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Glasgow Film Festival: The rest of the best of the fest

Glasgow Film Festival: The rest of the best of the fest

With so much on offer at this year’s Glasgow Film Festival, there just has not been enough time to give our full attention to all the movies that have deserved it. And so, in consolation, here’s a round-up of the rest of the best of the fest…

Eternal BeautyCraig Roberts’ sophomore directorial effort follows schizophrenic Jane (Sally Hawkins) as she deals with the complications of her illness, family relationships and a new beau (David Thewlis). Despite the serious subject matter, Roberts guides Eternal Beautywith a deft, humorous hand, resulting in a film that’s as funny as it is moving. And as always, the indomitable Sally Hawkins is a complete joy. The supporting cast – Thewlis, Alice Lowe, Penelope Wilton, Billie Piper – are pretty great too.

ResinLeave No Trace meets Captain Fantastic, but darker. Much, much darker. When Liv (Vivelill Søgaard Holm) was a baby, her hermit parents faked her death so that the authorities wouldn’t take her away. Now she’s fourteen and the outside world keeps encroaching, with deadly consequences for those around her. Tense, twisty, and full of indelibly disturbing imagery, Resin is a film you won’t be able to get out of your head – even though you may want to…

DrivewaysAfter her breakout performance in 2017’s Downsizing, Hong Chau seemed to vanish off the face of the earth. Driveways sees her finally back on the big screen playing Kathy, the exhausted single mother of Cody (Lucas Jaye). When the two of them temporarily move into her recently departed sister’s house to renovate it ready for resale, lonely Kody makes friends with Del (Brian Dennehy), the old man who lives next door. Their friendship improves the lives of both the little boy and the old man, and makes for a beautiful, touching movie.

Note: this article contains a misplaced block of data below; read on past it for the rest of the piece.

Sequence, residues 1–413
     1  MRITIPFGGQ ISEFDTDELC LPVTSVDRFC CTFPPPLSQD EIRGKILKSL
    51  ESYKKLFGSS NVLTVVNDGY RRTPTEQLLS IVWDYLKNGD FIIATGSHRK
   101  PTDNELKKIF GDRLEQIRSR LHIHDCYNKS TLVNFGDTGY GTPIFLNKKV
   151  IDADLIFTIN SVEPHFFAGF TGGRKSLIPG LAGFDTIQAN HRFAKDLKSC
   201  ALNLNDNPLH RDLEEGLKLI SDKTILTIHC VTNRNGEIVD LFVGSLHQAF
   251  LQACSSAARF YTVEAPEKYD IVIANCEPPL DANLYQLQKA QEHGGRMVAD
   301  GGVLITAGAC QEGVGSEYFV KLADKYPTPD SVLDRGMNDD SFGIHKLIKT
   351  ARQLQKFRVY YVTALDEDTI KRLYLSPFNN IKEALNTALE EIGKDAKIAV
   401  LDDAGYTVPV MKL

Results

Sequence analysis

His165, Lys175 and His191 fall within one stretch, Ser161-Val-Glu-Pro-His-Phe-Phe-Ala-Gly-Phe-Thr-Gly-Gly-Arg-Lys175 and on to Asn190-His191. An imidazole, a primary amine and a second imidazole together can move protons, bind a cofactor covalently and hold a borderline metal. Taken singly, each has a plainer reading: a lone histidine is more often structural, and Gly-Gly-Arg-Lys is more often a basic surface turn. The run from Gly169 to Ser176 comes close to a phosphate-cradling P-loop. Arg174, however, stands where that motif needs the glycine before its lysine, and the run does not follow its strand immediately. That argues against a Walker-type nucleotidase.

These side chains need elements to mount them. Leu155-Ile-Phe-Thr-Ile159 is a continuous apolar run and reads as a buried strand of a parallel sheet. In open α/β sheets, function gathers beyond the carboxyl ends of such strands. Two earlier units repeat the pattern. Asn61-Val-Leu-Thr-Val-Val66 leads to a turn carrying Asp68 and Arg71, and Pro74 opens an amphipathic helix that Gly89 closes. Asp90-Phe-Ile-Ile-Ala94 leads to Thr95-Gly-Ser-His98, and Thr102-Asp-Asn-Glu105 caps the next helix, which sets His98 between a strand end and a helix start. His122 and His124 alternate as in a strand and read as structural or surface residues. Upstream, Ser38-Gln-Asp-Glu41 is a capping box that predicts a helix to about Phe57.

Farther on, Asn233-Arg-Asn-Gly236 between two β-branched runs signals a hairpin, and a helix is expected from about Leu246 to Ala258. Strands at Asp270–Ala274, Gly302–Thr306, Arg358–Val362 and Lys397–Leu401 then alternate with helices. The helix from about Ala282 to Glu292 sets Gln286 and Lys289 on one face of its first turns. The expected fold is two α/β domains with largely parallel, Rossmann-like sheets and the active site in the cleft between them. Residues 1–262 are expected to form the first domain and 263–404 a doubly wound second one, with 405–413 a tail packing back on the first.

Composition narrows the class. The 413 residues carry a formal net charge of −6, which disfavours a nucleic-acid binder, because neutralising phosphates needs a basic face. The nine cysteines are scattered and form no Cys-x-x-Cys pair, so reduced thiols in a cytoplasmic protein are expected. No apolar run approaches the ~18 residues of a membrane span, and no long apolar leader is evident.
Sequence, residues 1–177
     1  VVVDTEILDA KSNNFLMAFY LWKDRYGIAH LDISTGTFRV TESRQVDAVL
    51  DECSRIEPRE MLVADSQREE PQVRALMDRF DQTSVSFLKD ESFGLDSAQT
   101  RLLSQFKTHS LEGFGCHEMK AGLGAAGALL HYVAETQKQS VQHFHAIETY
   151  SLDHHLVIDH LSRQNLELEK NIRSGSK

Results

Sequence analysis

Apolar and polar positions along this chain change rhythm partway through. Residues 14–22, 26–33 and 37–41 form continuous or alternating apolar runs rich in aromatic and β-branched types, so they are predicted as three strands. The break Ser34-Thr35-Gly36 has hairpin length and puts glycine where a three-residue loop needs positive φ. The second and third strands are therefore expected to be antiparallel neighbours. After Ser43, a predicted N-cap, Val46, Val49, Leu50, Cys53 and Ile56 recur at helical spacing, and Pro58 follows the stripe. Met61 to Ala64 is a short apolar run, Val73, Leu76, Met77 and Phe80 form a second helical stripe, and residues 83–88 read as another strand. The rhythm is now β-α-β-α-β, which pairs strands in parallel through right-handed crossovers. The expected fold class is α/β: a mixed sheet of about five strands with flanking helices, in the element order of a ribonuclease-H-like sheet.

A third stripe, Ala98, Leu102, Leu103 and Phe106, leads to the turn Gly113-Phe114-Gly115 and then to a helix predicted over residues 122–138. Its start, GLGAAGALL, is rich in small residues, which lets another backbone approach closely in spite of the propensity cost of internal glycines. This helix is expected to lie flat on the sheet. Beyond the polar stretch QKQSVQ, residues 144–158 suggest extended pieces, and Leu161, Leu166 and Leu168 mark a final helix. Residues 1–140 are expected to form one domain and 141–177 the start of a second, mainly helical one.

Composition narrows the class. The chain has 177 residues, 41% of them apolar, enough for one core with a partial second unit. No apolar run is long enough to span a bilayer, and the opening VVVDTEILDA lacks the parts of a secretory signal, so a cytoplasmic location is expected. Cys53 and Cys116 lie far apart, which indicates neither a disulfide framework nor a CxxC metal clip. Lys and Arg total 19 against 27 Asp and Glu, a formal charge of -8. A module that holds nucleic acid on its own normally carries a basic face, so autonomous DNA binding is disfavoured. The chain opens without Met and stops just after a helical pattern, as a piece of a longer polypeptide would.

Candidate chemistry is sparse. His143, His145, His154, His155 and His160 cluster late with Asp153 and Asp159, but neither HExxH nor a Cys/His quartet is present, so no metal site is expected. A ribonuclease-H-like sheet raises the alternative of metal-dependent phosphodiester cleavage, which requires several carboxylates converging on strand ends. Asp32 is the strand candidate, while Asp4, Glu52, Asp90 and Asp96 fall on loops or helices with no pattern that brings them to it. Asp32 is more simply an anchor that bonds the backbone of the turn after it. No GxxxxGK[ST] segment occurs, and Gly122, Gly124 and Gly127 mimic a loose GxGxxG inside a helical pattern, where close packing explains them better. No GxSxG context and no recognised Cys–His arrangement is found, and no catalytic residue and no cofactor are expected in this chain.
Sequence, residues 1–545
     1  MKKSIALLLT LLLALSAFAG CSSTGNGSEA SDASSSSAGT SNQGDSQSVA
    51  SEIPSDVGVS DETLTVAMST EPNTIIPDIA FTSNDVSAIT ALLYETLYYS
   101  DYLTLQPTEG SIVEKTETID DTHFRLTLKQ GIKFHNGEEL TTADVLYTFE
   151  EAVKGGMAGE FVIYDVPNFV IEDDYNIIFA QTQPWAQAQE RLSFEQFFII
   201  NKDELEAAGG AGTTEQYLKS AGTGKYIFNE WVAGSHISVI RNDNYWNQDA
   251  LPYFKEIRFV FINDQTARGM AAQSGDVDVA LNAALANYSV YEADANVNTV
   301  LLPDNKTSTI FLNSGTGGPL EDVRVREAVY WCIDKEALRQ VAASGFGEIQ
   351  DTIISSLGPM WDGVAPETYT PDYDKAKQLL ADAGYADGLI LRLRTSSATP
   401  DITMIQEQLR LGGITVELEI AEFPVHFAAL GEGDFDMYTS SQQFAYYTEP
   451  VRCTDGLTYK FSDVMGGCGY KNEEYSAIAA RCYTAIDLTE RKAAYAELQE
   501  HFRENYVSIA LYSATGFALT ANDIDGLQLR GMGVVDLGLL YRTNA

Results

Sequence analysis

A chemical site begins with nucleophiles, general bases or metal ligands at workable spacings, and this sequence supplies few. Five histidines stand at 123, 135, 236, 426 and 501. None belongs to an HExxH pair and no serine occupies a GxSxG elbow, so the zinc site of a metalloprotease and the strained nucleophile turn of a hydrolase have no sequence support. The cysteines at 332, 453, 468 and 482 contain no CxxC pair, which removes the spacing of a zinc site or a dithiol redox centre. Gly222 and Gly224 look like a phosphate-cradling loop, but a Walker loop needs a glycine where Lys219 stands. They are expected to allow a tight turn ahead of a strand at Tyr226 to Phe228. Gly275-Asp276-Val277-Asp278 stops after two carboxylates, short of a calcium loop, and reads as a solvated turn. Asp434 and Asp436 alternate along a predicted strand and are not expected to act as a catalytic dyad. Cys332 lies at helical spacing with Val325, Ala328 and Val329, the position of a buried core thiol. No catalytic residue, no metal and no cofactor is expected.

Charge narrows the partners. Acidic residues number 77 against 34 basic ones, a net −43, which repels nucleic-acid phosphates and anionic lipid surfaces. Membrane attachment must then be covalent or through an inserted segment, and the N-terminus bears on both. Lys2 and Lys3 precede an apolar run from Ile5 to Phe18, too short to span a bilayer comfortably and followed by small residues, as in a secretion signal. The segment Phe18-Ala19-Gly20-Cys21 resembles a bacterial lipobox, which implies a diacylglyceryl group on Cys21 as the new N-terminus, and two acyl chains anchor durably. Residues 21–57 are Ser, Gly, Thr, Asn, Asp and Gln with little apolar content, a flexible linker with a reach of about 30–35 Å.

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Song Without A NameBased on true events, Song Without A Name is set in Peru in the 1980’s, when a fake hospital clinic steals the baby of young first-time mother Georgina (Pamela Mendoza). With the help of diligent journalist Pedro (Tommy Párraga), she sets out on a desperate search to find her child. Featuring some of the most stunning black and white cinematography of recent years, Melina León’s film is a vital look at a part of history that so many of us know so little about.

Son-MotherThis devastating Iranian movie tells the story of a poverty-stricken mother (Raha Khodayari) who is forced to accept the proposal of a man she doesn’t love (Reza Behboodi) and abandon her son (Mahan Nasiri) in order to save the whole family. Engrossing and heart-breaking, Son – Mother is yet another example of the amazing cinema coming out of Iran at the moment. The face of little Mahan Nasiri will haunt you long after the closing credits have rolled.

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